I launched into about ten questions, all job related. Who will be my supervisor; when will I get their contact information? Is my first day on the job considered when I begin training, and when will that be? Will I be able to give my present company a two-week notice? Will I be able to contact the companies I will work for directly or will I always go through the supervisor? Will I need to destroy any hard-copy they mail me or do I send it back? What sort of physical files will I need to keep, what sort of records?
I noticed that in her initial chat on Saturday her statements were fine, but in live chat she used poor grammar and her spelling was atrocious. Once more she chided me to Trust in the Lord and repeatedly asked if FedEx had arrived.
FedEx arrived, and she had me open it and tell me how much the check was for. There was a check inside, with a cover letter. The check was for $3,850.00, on a SunTrust account.
For FOUR PROGRAMS? No software is that expensive – they’d better be made of gold and encrusted with diamonds and studded with emeralds made from fairy wings. I did not say so, however. I just told her the amount. She said for me to deposit it in the bank or go to an ATM and cash it and then send her a copy of the receipt, bank information redacted of course.
I drove over to my bank and went inside to the teller and briefly gave her a rundown, concluding with, “Could you look at this for me? It smells fishy.” My teller looked the check over, called for another teller, and they both said “this isn’t right. I don’t think that’s SunTrust’s routing number. There’s a SunTrust up the street, you should take it there but for our part, we don’t think you should cash it at all.”
Me either! I took the check over to the SunTrust bank. They took one glance at the check and the cover letter and hooted, “Fraud! We have a fraud!”
“We’ll keep this,” one of the tellers told me gleefully. “Our Fraud department will take care of this for you.”
“In that case, would you like the FedEx envelope too?”
On the way home, Cathleen kept text/chatting “did you deposit the check?” I pulled over long enough to send, ‘I cannot text and drive.’ She replied “oh of course not you are right but let me know when you deposit the check.”
Oh bitch please. I will let you know, all right.
I really wanted to believe; I really hoped my luck would have turned around, and I was terribly disappointed and PISSED OFF by then. If she had been some personal adversary getting payback, that would have at least been understandable. Wrong, but understandable. But she didn’t even know me, I was a total stranger and these crooks were ready to cheat me and throw me in debt and who knows what else. Goddamn it, I was mad! Trust in the Lord, my eye – the chick only ASSUMED I was a good little Christian. Didn’t know I am a Deist and don’t hold with all that Scripture stuff.
When I got home and back online, she immediately asked (again!) Did you deposit the check?
I replied, “Not exactly, but the nice man in the Fraud Division said he would handle everything for me. Shame on you for invoking the Lord’s name in matters of trust. Good day and goodbye.”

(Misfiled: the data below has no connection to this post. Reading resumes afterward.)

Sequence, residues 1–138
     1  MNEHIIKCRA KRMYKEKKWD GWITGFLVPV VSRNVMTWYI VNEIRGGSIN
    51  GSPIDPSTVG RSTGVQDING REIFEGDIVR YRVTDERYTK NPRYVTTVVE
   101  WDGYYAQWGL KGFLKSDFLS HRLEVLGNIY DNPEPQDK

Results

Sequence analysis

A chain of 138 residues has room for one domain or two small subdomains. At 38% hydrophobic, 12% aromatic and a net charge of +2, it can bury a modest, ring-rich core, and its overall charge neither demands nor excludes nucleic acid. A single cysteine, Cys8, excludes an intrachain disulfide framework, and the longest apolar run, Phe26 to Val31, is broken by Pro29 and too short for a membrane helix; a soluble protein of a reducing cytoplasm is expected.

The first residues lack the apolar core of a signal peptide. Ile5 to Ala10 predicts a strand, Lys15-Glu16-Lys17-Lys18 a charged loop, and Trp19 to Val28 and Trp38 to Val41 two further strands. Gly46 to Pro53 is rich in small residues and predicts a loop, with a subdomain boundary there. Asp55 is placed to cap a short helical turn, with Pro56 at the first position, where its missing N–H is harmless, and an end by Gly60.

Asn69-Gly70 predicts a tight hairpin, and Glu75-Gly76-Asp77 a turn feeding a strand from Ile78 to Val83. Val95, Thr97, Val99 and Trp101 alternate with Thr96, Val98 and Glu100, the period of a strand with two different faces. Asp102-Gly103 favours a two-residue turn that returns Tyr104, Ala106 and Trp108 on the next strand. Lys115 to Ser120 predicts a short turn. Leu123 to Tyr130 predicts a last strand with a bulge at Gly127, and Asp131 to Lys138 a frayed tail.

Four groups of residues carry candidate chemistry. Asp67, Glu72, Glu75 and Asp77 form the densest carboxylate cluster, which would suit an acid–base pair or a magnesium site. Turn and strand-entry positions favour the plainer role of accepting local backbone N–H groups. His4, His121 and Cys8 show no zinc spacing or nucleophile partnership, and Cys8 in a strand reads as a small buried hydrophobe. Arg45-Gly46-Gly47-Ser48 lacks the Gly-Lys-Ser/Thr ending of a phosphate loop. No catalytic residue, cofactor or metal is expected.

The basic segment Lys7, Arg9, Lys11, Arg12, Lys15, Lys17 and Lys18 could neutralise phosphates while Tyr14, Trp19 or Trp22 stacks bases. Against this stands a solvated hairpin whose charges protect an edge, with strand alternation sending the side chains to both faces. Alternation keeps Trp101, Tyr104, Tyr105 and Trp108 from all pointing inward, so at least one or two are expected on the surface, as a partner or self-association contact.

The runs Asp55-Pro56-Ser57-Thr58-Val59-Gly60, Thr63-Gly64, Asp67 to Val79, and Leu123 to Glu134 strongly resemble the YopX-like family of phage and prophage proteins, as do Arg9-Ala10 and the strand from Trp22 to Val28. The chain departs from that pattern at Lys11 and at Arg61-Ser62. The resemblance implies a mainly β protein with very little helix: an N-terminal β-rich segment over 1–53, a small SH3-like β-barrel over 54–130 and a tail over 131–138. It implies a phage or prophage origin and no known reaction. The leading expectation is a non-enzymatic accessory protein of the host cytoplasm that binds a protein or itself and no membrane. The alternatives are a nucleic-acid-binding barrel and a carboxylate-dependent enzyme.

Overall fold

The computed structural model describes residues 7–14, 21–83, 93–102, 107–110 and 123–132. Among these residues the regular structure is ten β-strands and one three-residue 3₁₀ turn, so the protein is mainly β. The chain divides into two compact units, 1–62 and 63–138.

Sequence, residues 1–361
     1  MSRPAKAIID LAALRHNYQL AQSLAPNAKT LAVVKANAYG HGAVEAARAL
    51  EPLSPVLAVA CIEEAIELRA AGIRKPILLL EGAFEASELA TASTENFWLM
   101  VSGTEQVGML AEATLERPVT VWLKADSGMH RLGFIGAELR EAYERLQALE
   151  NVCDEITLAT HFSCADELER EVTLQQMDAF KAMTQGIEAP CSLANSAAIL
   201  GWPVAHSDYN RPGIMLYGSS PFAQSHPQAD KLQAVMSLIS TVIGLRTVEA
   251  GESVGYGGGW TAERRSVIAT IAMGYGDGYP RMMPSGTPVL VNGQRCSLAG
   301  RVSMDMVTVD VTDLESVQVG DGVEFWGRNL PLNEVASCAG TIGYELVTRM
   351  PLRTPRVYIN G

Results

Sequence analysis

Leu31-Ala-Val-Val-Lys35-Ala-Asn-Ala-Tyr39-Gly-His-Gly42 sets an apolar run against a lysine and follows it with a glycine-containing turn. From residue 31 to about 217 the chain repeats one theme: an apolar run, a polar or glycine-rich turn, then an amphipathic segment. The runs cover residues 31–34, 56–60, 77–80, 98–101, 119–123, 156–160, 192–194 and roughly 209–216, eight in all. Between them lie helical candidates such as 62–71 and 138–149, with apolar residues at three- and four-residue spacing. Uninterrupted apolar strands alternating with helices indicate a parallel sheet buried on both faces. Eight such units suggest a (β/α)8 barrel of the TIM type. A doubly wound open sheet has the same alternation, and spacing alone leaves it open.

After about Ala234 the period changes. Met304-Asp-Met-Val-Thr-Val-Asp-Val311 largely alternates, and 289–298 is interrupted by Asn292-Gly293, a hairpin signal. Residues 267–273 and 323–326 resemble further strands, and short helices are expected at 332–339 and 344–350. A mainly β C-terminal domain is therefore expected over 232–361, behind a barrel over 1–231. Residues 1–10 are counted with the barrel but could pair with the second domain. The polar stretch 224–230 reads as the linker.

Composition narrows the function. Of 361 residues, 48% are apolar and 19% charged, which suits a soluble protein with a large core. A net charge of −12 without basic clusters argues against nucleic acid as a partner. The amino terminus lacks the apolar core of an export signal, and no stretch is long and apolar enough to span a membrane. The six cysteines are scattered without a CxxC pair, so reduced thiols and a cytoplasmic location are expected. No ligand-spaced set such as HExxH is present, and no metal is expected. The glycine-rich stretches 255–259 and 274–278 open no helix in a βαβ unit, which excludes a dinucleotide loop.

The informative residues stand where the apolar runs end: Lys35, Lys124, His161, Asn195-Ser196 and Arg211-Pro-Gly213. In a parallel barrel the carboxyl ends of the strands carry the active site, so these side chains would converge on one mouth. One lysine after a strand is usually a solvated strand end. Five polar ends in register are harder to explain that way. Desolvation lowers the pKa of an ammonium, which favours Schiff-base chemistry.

She immediately went offline.
Oh, I know I should have played her along a little while, at least until the Fraud folks could get into full swing, but I did not want her to keep bugging me with text and besides, I was DAMN MAD. So I got to bite her ass a bit and that was that.
So yes good people, if it sounds too good to be true, it probably is. If someone wants to interview you, speak to them by phone. If they insist on an online interview, explain you do not trust such things and to call you. (She had my phone number, she could have spoken and asked the questions immediately. Chat covers up accent, poor grammar, and subject ignorance.) If someone sends you a check, it’s a confidence scam. Don’t just blindly deposit a thing, take it inside to the teller window and get someone to look it over. “Oh, we sent you too much? Well, just send us the balance and that’s fine.” That’s fine. Hallelujah, Trust in the Lord to help us run scams and dash the hopes of people trying to find a better job.
And oh by the way: Fuck you, “Cathleen Meyers” or whoever you really are. I hope the Lord smites you with some good old-time religion ass-kickin’.
I tried to contact Sykes Enterprises to warn them that someone is using their name and their Internet presence as a cover for scam, but I could not contact them easily. Hey Sykes! You’re being used, just an FYI. You might make your site easier to navigate, and make your company less of a target for scammers.
I went to work, relieved I did not rush to quit. One of my co-workers, Chef Earl, knew I might leave and he was not happy with the news. The first thing he said when he heard about all this latest detail was, “Thank God, Jay about got scammed! I’m so glad you’re not going to leave us, we need you here.” Bread baking for Kroger’s is physically hard and the pay is crummy, but the people are nice and trustworthy and I’ve learned that’s worth a lot more than I realized. Maybe this is as good as I’ll get after all.
Still, I won’t turn down a well-paying desk job. You know – as long as it’s a REAL one.